How do I get started (How to play guitar)?

If you want to learn how to play guitar, you have to start somewhere. Fortunately, it’s easy to get started! You’ll want to learn how to hold the guitar, how to hold a pick, and a few easy open chords. Practice making these chord shapes and changing between them. This will teach you several essential skills such as: fretting the strings properly, changing between chords smoothly, strumming, holding the instrument, and more! From there, continue seeking knowledge and practicing daily. There are no secrets; there is only practice!

What should I buy for my first guitar?

Buy the guitar that you can afford and that you can play. There will eventually come a point where you want to upgrade your gear, but the limiting factor in your playing will be YOU for quite a while. Besides, you don’t know how long you’re going to stick with this just yet. See if the local thrift store has a used acoustic guitar, then buy a new set of strings! Guitar doesn’t have to have a high barrier to entry.

Should I learn to play on an electric guitar or an acoustic guitar?

You CAN learn on both, and you can learn to play both at the same time. However, acoustic has a few benefits. An acoustic guitar will let you know when you’ve made an error, which makes it easier to correct your mistakes. Learning the basics on acoustic will transfer to electric better than the other way around. If you learn on an electric, please turn the distortion off to practice! Distortion masks your mistakes and hinders your progress; you can’t correct the mistakes if you can’t hear them!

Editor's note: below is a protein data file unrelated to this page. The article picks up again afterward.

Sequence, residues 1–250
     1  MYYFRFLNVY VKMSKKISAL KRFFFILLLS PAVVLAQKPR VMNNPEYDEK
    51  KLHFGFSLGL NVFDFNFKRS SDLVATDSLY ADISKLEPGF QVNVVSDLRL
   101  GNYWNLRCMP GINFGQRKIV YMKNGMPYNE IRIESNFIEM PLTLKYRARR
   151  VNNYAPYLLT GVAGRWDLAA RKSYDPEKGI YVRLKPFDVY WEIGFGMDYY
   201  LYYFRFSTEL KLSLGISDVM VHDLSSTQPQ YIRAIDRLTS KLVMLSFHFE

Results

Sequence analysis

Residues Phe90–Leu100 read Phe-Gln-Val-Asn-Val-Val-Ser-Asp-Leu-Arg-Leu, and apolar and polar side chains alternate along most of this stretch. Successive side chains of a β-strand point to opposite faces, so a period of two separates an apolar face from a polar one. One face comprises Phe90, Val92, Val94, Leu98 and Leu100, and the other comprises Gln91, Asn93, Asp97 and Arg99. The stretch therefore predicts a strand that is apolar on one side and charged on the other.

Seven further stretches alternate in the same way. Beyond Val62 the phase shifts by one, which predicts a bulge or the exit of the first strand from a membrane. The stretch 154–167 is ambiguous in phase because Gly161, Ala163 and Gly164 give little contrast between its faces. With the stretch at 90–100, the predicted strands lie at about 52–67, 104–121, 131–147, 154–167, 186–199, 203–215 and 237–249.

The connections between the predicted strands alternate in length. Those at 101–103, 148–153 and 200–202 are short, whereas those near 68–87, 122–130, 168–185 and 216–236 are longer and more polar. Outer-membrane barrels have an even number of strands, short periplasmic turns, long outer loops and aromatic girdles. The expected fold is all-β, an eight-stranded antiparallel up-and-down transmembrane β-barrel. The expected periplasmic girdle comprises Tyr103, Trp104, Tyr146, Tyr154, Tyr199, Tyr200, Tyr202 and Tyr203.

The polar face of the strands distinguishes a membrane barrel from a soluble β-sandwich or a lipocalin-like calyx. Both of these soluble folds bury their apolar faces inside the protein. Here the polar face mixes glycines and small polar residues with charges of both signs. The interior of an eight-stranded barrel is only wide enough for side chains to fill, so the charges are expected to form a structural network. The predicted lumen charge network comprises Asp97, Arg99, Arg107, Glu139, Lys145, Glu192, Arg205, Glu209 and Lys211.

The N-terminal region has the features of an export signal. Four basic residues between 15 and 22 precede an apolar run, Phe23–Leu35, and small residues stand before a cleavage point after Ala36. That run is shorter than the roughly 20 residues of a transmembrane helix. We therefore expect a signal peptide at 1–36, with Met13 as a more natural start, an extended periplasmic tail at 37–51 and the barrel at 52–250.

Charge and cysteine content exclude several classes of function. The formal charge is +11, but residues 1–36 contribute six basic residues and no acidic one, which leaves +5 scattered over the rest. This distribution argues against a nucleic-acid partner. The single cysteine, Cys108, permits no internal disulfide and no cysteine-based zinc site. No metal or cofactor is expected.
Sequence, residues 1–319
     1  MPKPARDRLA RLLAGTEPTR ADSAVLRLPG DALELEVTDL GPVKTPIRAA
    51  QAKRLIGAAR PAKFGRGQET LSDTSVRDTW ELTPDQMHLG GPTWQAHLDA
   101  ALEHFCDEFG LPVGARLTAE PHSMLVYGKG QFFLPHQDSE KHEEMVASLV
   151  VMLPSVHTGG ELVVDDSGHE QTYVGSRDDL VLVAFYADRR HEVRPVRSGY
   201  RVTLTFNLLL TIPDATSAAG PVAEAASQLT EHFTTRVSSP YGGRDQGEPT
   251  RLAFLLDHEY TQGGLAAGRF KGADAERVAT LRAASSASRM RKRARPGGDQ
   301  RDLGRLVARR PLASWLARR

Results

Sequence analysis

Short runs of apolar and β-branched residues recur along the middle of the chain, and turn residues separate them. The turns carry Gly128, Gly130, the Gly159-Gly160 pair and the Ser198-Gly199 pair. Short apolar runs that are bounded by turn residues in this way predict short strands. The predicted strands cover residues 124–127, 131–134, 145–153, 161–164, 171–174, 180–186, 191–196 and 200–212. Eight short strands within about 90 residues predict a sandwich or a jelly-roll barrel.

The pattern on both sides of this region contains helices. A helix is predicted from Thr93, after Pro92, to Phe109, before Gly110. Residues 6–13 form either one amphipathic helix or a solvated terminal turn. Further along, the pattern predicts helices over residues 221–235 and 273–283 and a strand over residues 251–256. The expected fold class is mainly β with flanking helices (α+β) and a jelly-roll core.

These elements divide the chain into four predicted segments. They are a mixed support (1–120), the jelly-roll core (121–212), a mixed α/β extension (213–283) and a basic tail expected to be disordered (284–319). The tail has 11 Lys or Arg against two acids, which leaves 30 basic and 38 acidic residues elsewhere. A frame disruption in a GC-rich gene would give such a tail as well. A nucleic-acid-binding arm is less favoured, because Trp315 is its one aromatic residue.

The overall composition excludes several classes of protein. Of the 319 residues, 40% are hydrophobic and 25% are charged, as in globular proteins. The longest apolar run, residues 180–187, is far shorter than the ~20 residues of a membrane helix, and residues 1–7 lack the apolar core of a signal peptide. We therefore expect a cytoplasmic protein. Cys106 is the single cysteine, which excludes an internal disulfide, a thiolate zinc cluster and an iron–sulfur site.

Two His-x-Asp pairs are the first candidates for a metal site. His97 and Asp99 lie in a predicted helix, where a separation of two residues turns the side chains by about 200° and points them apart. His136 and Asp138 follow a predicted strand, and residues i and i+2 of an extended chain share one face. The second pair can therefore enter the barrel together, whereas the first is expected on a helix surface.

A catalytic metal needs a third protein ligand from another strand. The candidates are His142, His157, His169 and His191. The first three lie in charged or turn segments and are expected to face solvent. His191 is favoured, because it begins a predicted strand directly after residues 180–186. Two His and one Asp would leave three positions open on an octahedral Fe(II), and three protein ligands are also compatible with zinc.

What is a chord?

A chord is a group of three* or more notes played simultaneously. The notes that make up a chord are typically taken from the same key in order to produce a harmonious sound.

*You may have heard of a “power chord.” Technically this is an interval, as it consists of two notes: the root and the perfect fifth.

What is a scale?

A scale is a set of musical notes ordered by a fundamental frequency. The smallest fundamental frequency in Western music is called a semitone. In the western chromatic scale (the set of all notes we use in western music), there are 12 notes. These notes are: A, A#/Bb, B, C, C#/Db, D, D#/Eb, E, F, F#/Gb, G, and G#/Ab. All scales in western music are made of a select group of notes from this chromatic scale.

What does it mean to play a scale over a chord?

Playing a scale over a chord simply means that you play the notes of a scale while a chord plays in the background. For example, playing the A major scale over AMaj could mean that your friend plays an AMaj chord at the same time that you play the A major scale. This would sound good because the notes of the AMaj chord come from the A major scale.

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